During the implementation of my polymorphic enum, I have chosen to allow several types for the underlying “ordinal” value, as it is also possible for standard C# enums…
From the MSDN documentation, the allowed underlying types for enum types are the following (although other value types such as char are eligible, their use is not recommended) :
|sbyte||Signed 8-bit integer|
|byte||Unsigned 8-bit integer|
|short||Signed 16-bit integer|
|ushort||Unsigned 16-bit integer|
|int||Signed 32-bit integer|
|uint||Unsigned 32-bit integer|
|long||Signed 64-bit integer|
|ulong||Unsigned 64-bit integer|
In order to enable the ordinal parameter to be optional in the registration of enum values, I had to find a way to compute an automatic value. The rule I wanted to apply was very simple : if there is no value already register, use zero, else use the maximum value already registered, plus one. But how do you write such code without checking the type in an ugly fashion ?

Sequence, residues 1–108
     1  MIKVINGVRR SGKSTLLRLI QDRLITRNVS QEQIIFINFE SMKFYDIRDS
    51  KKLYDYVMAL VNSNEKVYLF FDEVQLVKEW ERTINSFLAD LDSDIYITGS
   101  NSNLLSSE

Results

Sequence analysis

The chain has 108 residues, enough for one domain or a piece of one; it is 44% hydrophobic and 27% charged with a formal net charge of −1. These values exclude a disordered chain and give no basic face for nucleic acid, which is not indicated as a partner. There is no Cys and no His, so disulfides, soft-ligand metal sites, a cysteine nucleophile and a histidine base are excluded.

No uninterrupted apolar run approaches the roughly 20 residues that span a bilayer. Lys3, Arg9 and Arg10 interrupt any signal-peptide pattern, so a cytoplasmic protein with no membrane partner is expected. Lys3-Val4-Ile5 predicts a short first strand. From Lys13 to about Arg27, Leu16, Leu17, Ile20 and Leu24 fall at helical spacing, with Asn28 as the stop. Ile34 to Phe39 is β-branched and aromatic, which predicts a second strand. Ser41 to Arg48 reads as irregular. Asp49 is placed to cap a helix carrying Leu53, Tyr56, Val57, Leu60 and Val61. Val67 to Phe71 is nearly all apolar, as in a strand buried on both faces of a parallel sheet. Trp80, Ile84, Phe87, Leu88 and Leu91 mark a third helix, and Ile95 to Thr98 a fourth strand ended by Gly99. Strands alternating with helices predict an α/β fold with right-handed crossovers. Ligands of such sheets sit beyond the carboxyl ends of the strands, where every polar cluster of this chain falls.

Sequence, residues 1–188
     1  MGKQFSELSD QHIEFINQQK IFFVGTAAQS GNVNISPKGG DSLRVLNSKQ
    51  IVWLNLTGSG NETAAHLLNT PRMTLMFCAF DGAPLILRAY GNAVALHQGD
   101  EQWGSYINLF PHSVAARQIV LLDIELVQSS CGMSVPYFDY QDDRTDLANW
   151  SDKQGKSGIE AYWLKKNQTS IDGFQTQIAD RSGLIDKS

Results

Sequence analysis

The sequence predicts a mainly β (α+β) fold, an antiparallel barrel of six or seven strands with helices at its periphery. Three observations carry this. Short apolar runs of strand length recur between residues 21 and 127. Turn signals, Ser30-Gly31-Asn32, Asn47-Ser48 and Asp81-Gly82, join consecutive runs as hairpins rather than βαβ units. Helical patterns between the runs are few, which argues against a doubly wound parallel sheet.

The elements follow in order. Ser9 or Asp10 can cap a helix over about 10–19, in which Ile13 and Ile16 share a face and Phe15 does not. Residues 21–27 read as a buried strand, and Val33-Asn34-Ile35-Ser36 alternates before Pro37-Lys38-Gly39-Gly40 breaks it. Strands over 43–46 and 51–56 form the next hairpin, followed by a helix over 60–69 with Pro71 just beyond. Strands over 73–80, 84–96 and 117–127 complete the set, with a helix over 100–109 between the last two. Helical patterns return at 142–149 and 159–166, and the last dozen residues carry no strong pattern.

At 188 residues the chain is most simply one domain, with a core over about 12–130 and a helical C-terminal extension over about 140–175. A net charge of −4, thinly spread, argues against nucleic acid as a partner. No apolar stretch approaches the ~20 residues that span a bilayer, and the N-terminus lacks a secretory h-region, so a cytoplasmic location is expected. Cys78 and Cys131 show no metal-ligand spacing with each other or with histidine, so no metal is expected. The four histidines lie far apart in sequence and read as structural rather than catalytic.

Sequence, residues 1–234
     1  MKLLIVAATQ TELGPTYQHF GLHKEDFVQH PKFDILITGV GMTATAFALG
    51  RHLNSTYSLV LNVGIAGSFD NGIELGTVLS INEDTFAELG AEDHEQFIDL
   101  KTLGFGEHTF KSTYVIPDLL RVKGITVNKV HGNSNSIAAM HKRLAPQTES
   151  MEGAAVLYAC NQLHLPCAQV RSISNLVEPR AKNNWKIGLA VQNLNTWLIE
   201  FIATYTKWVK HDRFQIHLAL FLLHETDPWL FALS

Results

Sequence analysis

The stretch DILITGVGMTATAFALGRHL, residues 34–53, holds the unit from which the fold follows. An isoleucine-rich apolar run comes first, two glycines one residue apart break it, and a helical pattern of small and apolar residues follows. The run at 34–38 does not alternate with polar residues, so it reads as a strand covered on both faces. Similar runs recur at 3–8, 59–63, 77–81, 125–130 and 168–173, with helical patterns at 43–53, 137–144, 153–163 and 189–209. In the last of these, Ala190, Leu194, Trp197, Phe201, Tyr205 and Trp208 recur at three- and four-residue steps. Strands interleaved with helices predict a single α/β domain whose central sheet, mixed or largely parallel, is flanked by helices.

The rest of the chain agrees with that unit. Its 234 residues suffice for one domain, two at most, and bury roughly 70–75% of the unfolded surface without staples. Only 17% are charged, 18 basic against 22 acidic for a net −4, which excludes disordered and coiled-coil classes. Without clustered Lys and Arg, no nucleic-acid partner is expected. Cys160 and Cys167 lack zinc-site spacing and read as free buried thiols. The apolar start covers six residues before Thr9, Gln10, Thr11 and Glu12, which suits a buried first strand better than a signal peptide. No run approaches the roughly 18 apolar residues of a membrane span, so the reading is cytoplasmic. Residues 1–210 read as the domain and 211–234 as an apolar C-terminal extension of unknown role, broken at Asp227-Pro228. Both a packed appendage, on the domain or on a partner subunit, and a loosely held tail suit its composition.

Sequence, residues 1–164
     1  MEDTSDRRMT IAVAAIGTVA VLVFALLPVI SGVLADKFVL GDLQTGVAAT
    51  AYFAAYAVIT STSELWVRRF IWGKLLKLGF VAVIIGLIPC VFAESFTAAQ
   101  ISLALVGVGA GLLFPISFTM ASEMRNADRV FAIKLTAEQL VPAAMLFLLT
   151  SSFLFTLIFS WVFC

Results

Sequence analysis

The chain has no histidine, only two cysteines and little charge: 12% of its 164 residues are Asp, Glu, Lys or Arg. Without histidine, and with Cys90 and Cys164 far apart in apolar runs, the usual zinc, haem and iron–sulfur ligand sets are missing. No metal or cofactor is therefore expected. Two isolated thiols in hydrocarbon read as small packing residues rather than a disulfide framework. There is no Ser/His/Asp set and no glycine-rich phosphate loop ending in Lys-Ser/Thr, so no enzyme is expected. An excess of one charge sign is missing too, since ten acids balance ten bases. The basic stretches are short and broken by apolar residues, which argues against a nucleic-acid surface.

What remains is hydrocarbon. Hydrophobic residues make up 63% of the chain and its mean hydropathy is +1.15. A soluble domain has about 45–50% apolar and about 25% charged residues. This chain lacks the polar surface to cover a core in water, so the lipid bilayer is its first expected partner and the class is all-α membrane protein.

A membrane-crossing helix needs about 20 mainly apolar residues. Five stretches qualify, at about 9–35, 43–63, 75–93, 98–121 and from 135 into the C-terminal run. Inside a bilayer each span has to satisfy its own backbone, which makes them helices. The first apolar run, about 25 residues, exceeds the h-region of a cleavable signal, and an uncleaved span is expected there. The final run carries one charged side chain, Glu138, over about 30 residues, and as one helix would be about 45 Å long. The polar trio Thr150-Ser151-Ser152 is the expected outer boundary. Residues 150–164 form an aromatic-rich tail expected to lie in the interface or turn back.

Generic constraints are somehow limited : I can force the ordinal type to be a value type by using a “where T : struct” constraints, but there is no such thing as a “IPrimitiveNumericValue” interface !
Here is where I got to, using generics and lambdas…
I first define static class and a private static helper function that take a Func<T, T> and returns… the unmodified argument. This is just a hint for the compiler, because I’m going to use lambdas and as you might know, a lambda can either be converted to a delegate (code) or to an expression tree representing the lambda (data). Without any indication, the compiler can’t infer the expected type, so we have to help him…
Then, the class defines a static field and initialises it in its static constructor :
At this point, all the required incrementing functions are expressed as lambdas and registered in a dictionary.
The only method left to write is the PlusOne method :
Type checking and dictionary lookup. That’s it !